Home > manopt > manifolds > oblique > obliquefactory.m

obliquefactory

PURPOSE ^

Returns a manifold struct to optimize over matrices w/ unit-norm columns.

SYNOPSIS ^

function M = obliquefactory(n, m, transposed)

DESCRIPTION ^

 Returns a manifold struct to optimize over matrices w/ unit-norm columns.

 function M = obliquefactory(n, m)
 function M = obliquefactory(n, m, transposed)

 Oblique manifold: deals with matrices of size n x m such that each column
 has unit 2-norm, i.e., is a point on the unit sphere in R^n. The metric
 is such that the oblique manifold is a Riemannian submanifold of the
 space of nxm matrices with the usual trace inner product, i.e., the usual
 metric.

 If transposed is set to true (it is false by default), then the matrices
 are transposed: a point Y on the manifold is a matrix of size m x n and
 each row has unit 2-norm. It is the same geometry, just a different
 representation.

 See also: spherefactory obliquecomplexfactory

CROSS-REFERENCE INFORMATION ^

This function calls: This function is called by:

SUBFUNCTIONS ^

SOURCE CODE ^

0001 function M = obliquefactory(n, m, transposed)
0002 % Returns a manifold struct to optimize over matrices w/ unit-norm columns.
0003 %
0004 % function M = obliquefactory(n, m)
0005 % function M = obliquefactory(n, m, transposed)
0006 %
0007 % Oblique manifold: deals with matrices of size n x m such that each column
0008 % has unit 2-norm, i.e., is a point on the unit sphere in R^n. The metric
0009 % is such that the oblique manifold is a Riemannian submanifold of the
0010 % space of nxm matrices with the usual trace inner product, i.e., the usual
0011 % metric.
0012 %
0013 % If transposed is set to true (it is false by default), then the matrices
0014 % are transposed: a point Y on the manifold is a matrix of size m x n and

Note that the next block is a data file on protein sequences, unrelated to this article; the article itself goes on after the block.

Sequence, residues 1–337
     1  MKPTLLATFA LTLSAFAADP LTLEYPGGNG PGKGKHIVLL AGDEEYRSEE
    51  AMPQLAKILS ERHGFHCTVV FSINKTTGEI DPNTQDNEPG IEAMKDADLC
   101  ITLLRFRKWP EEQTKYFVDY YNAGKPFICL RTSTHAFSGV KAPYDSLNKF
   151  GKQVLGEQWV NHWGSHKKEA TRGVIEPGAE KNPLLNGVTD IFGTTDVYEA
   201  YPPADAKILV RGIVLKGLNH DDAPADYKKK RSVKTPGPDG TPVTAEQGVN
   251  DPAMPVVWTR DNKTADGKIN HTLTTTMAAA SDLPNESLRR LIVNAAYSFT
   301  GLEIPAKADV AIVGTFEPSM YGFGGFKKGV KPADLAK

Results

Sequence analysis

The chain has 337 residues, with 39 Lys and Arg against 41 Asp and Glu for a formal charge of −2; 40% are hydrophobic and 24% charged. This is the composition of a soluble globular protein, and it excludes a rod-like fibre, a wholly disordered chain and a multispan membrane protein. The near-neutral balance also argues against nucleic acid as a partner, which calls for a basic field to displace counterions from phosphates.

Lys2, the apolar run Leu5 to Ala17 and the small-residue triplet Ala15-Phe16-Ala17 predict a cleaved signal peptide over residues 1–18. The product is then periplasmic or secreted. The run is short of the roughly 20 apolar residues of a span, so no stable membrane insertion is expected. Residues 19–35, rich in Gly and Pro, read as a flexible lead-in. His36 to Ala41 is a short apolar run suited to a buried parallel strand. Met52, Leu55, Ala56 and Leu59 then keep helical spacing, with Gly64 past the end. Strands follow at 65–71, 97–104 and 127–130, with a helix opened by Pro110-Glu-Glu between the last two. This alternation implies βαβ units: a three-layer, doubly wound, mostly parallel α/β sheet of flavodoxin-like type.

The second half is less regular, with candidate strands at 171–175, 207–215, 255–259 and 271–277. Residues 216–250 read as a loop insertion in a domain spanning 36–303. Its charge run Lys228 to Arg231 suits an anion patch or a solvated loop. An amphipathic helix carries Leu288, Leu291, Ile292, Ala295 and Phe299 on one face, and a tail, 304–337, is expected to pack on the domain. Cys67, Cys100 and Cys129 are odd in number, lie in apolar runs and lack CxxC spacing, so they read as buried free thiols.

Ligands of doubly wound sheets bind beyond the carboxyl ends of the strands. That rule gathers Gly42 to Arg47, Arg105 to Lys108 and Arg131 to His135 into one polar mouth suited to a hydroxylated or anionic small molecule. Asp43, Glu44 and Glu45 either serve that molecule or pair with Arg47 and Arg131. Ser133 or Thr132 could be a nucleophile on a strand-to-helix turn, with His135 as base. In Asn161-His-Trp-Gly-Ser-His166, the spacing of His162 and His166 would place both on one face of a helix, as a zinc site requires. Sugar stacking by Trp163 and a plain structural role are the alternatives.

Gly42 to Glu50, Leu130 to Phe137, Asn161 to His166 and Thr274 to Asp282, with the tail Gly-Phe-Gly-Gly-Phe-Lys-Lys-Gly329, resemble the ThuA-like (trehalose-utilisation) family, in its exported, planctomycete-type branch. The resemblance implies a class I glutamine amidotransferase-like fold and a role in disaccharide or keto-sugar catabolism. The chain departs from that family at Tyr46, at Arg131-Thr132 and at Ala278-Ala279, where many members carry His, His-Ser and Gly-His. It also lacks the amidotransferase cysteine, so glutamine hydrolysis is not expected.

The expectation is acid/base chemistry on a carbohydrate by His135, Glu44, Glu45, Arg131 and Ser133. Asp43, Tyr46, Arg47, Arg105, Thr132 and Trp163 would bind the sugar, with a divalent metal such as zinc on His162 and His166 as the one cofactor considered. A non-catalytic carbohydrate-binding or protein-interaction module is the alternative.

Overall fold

0015 % each row has unit 2-norm. It is the same geometry, just a different
0016 % representation.
0017 %
0018 % See also: spherefactory obliquecomplexfactory
0019 
0020 % This file is part of Manopt: www.manopt.org.
0021 % Original author: Nicolas Boumal, Dec. 30, 2012.
0022 % Contributors:
0023 % Change log:
0024 %
0025 %    July 16, 2013 (NB) :
0026 %       Added 'transposed' option, mainly for ease of comparison with the
0027 %       elliptope geometry.
0028 %
0029 %    Nov. 29, 2013 (NB) :
0030 %       Added normalize_columns function to make it easier to exploit the
0031 %       bsxfun formulation of column normalization, which avoids using for
0032 %       loops and provides performance gains. The exponential still uses a
0033 %       for loop.
0034 %
0035 %    April 4, 2015 (NB) :
0036 %       Log function modified to avoid NaN's appearing for close by points.
0037 %
0038 %    April 13, 2015 (NB) :
0039 %       Exponential now without for-loops.
0040 %
0041 %   Oct. 8, 2016 (NB)
0042 %       Code for exponential was simplified to only treat the zero vector
0043 %       as a particular case.
0044 %
0045 %  Oct. 21, 2016 (NB)
0046 %       Bug caught in M.log: the function called v = M.proj(x1, x2 - x1),
0047 %       which internally applies transp to inputs and outputs. But since